Making the decision to replace or not is another subject. Is this the original block with correct serial number ? If so, it may have some intrinsic value and you would be more interested in protecting the block. If it's not the original block, then your only decision is whether to definitely spend a good wad of cash now or (maybe) to spend a somewhat larger wad sometime in the future.

Your decision is a lot like buying insurance. What is the chance the event will occur ? What is the cost of the potential occurrence ? How much money are you willing to spend to offset the cost of some potential greater cost in the future ?

Dick


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Re: Dare we analyze my cracked crankshaft?? I say we do.. but INTELLIGENTLY

Post by Joe Bell » Wed Sep 23, 2020 9:57 pm

I have seen forging lines run across two throws of a crank, they look like cracks on a wet mag machine but they are rolled pieces of steel in the forging, this could be one of those? not saying it is but possible?


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Re: Dare we analyze my cracked crankshaft?? I say we do.. but INTELLIGENTLY

Post by Art Wilson » Wed Sep 23, 2020 10:40 pm

Many years ago while on a tour I had number 1 rod get loose in a freshly rebuilt engine. When I dissembled the engine I found a longitudinal crack on number 1 crank journal. It was about 3/4 inch long and could barely be felt by dragging a fingernail across it.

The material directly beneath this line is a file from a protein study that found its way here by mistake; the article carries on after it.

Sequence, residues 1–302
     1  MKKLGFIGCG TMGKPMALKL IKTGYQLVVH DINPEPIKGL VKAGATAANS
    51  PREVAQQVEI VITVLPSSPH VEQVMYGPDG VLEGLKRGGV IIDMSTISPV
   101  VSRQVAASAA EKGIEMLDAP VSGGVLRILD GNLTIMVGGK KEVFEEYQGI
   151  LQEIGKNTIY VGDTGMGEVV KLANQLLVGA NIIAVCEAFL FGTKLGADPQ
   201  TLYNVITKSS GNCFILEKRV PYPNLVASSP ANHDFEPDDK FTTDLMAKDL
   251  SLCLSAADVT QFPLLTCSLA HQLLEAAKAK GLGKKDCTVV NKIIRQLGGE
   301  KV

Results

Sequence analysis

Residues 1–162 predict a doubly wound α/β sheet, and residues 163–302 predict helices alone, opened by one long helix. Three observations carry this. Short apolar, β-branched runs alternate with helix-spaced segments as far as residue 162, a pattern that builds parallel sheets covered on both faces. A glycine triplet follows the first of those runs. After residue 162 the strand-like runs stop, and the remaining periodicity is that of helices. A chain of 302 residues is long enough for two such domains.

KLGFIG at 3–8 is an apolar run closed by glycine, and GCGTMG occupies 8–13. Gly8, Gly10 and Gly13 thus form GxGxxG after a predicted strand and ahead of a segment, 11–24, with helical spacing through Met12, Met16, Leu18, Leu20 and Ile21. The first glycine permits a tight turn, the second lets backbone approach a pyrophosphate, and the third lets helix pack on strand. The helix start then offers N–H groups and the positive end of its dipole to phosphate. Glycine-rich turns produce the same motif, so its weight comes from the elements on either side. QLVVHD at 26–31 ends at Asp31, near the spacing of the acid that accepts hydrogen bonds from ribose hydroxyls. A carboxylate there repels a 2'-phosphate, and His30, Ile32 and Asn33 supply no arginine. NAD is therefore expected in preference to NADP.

So I'm of the opinion to get a good used crank.

Also check for main bearing wear. The center bearing wears faster than the others, and the looseness is often taken up by removing shims. That puts the crank out of alignment and leads to crank breakage, usually at one of the rod journals.
Art


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Re: Dare we analyze my cracked crankshaft?? I say we do.. but INTELLIGENTLY

Post by Jerry VanOoteghem » Thu Sep 24, 2020 6:26 pm

I say it's a forging flaw and not a crack. "Crack" suggests something that was not always there, but has developed over time, use, stress, etc. I would propose that what you're seeing has been there since day one.


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Re: Dare we analyze my cracked crankshaft?? I say we do.. but INTELLIGENTLY

Post by rickd » Thu Sep 24, 2020 9:23 pm

Find a used/new crank and replace it. The car has been in your family for many years and you will be passing on to a family member. This has been an interesting post with lots of info, but its time to fix your car for the next owner.

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Re: Dare we analyze my cracked crankshaft?? I say we do.. but INTELLIGENTLY

Post by Fordwright » Thu Sep 24, 2020 11:16 pm

I agree. What's to gain by taking a chance on it?

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Re: Dare we analyze my cracked crankshaft?? I say we do.. but INTELLIGENTLY

Post by TonyB » Fri Sep 25, 2020 1:45 am

I remember speaking to Bruce McCalley on this very subject, well actually was it worth magnafluxing a model T crank. He advised not bothering as most T cranks show some crack somewhere. So on my coupe, which was rebuilt in 1990, was just reground and rebabbitted. So far it’s been fine.